A former bishop’s boathouse adjacent to an ancient basilica in Venice has been masterfully renovated to marry the old with the new.
My husband went out to buy a fridge and came back with a house.” That’s the joke Italian designer Ilaria Miani likes to tell about how her husband found Casa L’Arsenale, their elegant three-storey, six-bedroom villa on one of the oldest island districts in Venice. About eight years ago, he’d come up empty-handed after a long day’s hunting for a refrigerator that would suit the couple’s small apartment on the Venetian island of Guidecca. He sought a moment’s peace in the gardens surrounding San Pietro di Castello, a basilica that dates back to the 7th century, and it was here, next to the ancient church — the cathedral of Venice until 1807, when Basilica San Marco claimed that honour — that Giorgio found what was once the bishop’s boathouse for sale. “Giorgio bought the house right there and then, without telling me,” exclaims Miani. “He said, ‘There’s nothing to do to it, you’ll see — just the floors.’ ” In truth, “everything was rotten”, she laughs. “It took us three years to renovate and we had to sell three houses to pay for it!” Luckily one of Miani’s passions, and indeed greatest talents, is breathing new life into ancient structures that have seen better days ( see page 172). As one of Italy’s leading interior designers, she is sought after for her sensitive approach to restoration and singular flair for marrying traditional building techniques and craftsmanship with clean, contemporary interiors. Having originally trained as an art historian and gallerist, Miani first turned her hand to interior ››
“I looked backwards to find the building’s story. This always gives me all the inspiration I need”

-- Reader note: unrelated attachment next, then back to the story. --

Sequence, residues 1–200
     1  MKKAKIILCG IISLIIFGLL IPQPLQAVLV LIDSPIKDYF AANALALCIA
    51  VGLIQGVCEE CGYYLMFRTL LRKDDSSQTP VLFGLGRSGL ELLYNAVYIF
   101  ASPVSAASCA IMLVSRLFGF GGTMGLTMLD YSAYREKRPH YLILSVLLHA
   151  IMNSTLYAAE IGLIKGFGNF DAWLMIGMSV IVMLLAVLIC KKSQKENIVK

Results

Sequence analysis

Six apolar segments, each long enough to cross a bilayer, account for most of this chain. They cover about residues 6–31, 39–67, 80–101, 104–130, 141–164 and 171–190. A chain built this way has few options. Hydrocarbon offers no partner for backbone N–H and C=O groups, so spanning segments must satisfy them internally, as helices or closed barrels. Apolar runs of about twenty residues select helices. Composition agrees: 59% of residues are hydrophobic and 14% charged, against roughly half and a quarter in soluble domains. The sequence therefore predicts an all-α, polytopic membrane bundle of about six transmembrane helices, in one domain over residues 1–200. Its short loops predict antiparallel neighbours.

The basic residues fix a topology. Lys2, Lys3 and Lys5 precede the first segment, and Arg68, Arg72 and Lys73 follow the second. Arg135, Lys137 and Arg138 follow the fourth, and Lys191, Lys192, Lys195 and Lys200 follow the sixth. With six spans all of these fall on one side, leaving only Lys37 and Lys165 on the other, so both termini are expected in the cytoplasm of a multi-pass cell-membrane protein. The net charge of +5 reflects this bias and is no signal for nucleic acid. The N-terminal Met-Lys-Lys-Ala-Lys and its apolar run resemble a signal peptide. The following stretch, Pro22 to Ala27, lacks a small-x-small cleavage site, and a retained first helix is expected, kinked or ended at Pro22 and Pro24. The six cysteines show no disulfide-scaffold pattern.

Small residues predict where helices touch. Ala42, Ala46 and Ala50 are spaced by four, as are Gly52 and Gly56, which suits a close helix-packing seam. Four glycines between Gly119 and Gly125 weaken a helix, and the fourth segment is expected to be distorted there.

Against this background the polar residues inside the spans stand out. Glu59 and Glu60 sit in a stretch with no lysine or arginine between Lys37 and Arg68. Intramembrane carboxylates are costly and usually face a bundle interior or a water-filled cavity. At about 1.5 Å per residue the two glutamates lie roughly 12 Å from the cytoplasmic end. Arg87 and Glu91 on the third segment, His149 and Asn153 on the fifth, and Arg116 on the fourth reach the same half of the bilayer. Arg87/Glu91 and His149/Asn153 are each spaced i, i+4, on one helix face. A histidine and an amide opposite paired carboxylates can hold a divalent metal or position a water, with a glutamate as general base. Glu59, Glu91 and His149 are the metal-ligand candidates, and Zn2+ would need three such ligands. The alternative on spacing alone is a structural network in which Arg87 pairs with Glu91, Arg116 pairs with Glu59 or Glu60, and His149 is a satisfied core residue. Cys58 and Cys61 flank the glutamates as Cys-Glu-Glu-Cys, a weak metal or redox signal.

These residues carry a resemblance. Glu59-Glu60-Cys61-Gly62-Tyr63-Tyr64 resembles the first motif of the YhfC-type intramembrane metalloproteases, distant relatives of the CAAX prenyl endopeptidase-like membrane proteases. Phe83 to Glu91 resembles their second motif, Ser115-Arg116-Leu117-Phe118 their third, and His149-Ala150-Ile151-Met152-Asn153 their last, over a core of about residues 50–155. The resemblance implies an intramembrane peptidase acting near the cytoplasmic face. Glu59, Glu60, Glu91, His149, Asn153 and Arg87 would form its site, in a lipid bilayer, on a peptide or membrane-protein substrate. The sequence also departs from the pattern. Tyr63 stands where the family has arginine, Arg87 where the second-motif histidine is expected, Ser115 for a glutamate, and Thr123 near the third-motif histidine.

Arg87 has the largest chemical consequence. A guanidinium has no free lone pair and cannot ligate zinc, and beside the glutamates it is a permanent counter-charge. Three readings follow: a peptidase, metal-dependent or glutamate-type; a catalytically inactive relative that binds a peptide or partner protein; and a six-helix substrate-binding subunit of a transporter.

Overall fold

‹‹ design in the early 1980s, when she created a small workshop at the bottom of her house in Rome, producing frames for paintings when she couldn’t find any she liked. “At the same time, Giorgio and I had started to do up farm houses in Tuscany to rent out,” she explains. “So I began designing all the things I needed for that — everything from tables, chairs and sofas to plates, napkins and trays.” In Venice, faced with a house in a state of serious disrepair and stripped of its original detailing after years of neglect, Miani did as she always does: “I looked backwards to find the building’s story. This always gives me all the inspiration I need.” She searched the city’s museums for answers and found them in paintings of Venice by the great 18th-century masters Francesco Guardi and Canaletto. In one painting she saw the boathouse had a cavana (boat shelter), long since walled up and subdivided, so Miani sought permission to reopen it. In another, there was an altana (roof terrace), “so we asked to redo that, too”. She kept the decoration simple, creating a cool, soothing oasis of exposed brick, salvaged woods, and smooth seminato floors (lime mixed with ground pieces of marble and coloured pigment — or terracotta in the cavana — and then polished) against an all-white backdrop of walls, furniture and curtains. Furniture is loosely covered, long sheer curtains flutter in the breeze, and modern art lends an unexpected twist — like the punk painting by Miani’s eldest son, Orlando, boldly taking centre stage in the kitchen. It’s the perfect rebellion against the lavishly decorated and gilded interiors of the palazzos that famously line the Grand Canal. Miani has lent many of her signature design touches as well: ceilings supported by thick, grainy beams; custom- designed furniture (the design of the wrought-iron four-poster beds are inspired by those Miani grew up with at her grandmother’s house, the historic Villa dei Collazzi, outside Florence); and a textural mix of the rough and patinaed with the sleek and smooth. Bottoms of antique cupboards have been cropped and steel kitchen shelves elevated to cope with the rise and fall of the canal water outside; wood used in the cavana and loft was rescued from a builder’s yard. “When they redo a house here, they think the salt is in everything so they throw it all away,” she says. The “very ancient” green of the dining room floor was inspired by Venice’s Palazzo Grimani. For Miani, it’s proved the perfect place not only to rest and relax (it can sleep up to 16 with multiple spaces to eat, cook, sleep and entertain) but to work, too. “It’s so quiet and I like being able to walk everywhere,” she says. “It feeds my love of art and architecture, old and new. Venice is a city that is truly very different — here, the spirit of everything floats so freely.”